Putting quality homes within reach



It needn’t be a choice between quality and affordability when it comes to buying a home, thanks to some industry innovators.

In the pursuit of the Great Australian Dream, it seems home owners have a stark choice: Save cash by opting for a cookie-cutter design that lacks individuality or dig deep for a bespoke, architect-led customisation – and a hefty price tag. But a new breed of developers is saying buyers can now have both. Filling a long-standing market gap, clients are being offered a level of high-end style and sophistication with prices tailored to the lower end of the market. It’s a comfortable middle ground where many builders and architects are keen to position themselves, as traditional residential building models are redefined by a blend of architectural excellence and cost-effective building practices.

Shifting the goal posts

At the height of the COVID-19 lockdowns in 2020, Arli Homes partnered with DKO Architecture with the ambition of doing just that – creating a designer market accessible to anyone.

“When we started this business we had to pitch this idea to architects and developers,” says Arli Homes co-founder Sharon Calleja.

“We wanted to disrupt the industry – we wanted to change the landscape of Melbourne and show what opportunity there was and maybe the other builders would become more innovative.”

Under the strategy, homes are designed with all fixtures, fittings and inclusions – and floor plan – set in stone.

Calleja says the building company is then able to buy from suppliers on a volume basis at a better price and pass the savings on.

“We are giving clients the opportunity to afford something that has been designed by experts but at an affordable price,” she says.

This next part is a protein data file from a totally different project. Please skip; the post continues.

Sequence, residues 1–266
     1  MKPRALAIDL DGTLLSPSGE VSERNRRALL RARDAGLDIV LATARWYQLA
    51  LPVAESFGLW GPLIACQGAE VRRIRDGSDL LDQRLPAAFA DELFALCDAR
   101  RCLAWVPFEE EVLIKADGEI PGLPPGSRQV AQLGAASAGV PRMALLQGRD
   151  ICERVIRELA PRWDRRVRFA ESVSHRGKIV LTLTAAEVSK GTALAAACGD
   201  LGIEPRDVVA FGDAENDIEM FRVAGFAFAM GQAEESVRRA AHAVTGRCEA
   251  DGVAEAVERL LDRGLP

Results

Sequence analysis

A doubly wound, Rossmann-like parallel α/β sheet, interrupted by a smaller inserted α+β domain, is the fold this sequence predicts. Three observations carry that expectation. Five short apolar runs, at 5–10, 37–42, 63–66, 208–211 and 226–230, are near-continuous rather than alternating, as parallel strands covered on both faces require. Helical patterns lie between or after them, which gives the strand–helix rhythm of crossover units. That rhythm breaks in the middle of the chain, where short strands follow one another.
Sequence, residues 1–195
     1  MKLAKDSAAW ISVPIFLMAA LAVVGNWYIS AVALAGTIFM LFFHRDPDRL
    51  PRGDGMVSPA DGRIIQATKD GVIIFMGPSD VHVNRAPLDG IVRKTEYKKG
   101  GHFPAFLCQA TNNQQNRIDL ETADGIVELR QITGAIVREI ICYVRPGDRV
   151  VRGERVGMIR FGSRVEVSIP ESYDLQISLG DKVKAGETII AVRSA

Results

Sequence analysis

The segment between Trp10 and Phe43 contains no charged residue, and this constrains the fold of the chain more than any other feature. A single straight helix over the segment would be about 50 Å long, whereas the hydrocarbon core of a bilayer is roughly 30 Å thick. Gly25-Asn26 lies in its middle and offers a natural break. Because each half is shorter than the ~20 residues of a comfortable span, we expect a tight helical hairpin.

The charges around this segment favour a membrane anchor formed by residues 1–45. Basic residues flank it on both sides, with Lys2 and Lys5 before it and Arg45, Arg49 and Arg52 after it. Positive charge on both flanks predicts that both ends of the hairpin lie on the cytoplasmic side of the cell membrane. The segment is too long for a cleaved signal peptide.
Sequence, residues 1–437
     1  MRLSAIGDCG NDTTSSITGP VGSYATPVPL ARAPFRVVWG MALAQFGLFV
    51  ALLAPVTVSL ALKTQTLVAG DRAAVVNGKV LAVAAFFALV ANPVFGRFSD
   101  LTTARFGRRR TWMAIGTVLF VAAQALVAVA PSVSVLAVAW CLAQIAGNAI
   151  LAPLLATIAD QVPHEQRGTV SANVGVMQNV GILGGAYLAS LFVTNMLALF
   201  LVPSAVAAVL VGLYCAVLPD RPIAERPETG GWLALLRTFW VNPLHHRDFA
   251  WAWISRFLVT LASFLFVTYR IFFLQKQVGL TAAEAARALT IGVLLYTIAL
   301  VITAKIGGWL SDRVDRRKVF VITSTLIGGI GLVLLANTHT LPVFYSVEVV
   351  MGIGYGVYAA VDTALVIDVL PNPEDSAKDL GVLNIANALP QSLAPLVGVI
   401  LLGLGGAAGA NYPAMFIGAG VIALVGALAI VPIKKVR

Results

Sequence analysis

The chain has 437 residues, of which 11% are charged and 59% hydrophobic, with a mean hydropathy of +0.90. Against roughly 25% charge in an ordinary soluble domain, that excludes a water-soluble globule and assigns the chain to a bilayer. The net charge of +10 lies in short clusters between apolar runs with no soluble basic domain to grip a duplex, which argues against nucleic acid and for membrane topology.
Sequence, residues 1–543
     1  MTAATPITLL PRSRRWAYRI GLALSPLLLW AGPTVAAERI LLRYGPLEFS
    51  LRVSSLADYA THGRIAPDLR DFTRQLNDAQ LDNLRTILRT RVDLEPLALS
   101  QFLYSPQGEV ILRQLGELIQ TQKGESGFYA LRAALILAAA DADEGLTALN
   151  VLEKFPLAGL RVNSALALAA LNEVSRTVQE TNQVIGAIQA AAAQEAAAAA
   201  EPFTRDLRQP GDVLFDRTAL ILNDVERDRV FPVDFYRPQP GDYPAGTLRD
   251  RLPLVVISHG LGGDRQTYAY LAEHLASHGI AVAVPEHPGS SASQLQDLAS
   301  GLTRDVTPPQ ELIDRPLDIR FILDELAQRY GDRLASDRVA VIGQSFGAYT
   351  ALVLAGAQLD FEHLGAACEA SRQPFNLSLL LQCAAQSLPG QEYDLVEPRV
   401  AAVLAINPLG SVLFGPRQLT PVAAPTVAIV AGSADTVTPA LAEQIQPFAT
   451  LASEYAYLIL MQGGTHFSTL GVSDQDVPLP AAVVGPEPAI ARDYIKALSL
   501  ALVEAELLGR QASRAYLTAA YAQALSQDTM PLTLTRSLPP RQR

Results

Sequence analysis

They have stumbled on a market niche, says Michael Drescher, the design director of DKO Architecture, which has extensive experience driving multiresidential, commercial and high-end projects, including hotels.

“When we first sat down, we went out and looked at what everybody else was doing in the market,” he says.

“What we saw was a real gap. All the other homes were, we thought, trying too hard.

“We blend the world of practicality and aesthetics and bring it together so spaces flow [and] are beautiful to touch and live in. That’s what the benefit of using an interior designer is.”

Looking for alternatives

Australian Housing and Urban Research Institute managing director Michael Fotheringham says the collaboration is among a string of examples where firms are reimagining the construction process and adopting creative solutions to reshape the market.

“Another thing we are seeing a lot more of is off-site construction and welldesigned buildings constructed under a factory roof and then moved to regional or remote areas where construction costs can be really prohibitive,” Fotheringham says. “But we have seen all sorts of different approaches. With the lack of workforce and supply across the market, anything that looks at alternatives can be really beneficial.

“Smaller builders are a lot more nimble and are able to look at different partnerships and listen to their clients with a bit more flexibility.

“It means the idea of an architecturally designed house is not an exclusive thing like it was a generation ago.”

Disruptive building firms are also harnessing the power of digital technology to streamline the design and construction process.

Advanced 3D modelling, virtual reality and other digital tools mean home owners can visualise their future homes and make informed decisions.

Being prepared for market volatility and having the capacity to address it is just as important, says Hillbrook project director Campbell McLeod.

“There is a di cult gap that we have all been trying to meet,” he says. “With inflationary measures across the board, you end up going from one to the other really quickly.

“We have been able to bridge this by being clever with logistics, innovation research and development and technology that is available to us.”

McLeod says communication is also key to helping clients find the sweet spot between high volume and high end.

“It’s important to be clear about market shifts and working with clients to mitigate the cost,” he says. “A modern construction company is actually a logistics and finance business.

“What you should be doing is meeting the market and working on what you can do to save money.

“That might mean bulk-purchasing material and ensuring you always have stock on hand to beat inflation then finding a compromise and working with clients to establish that middle ground.”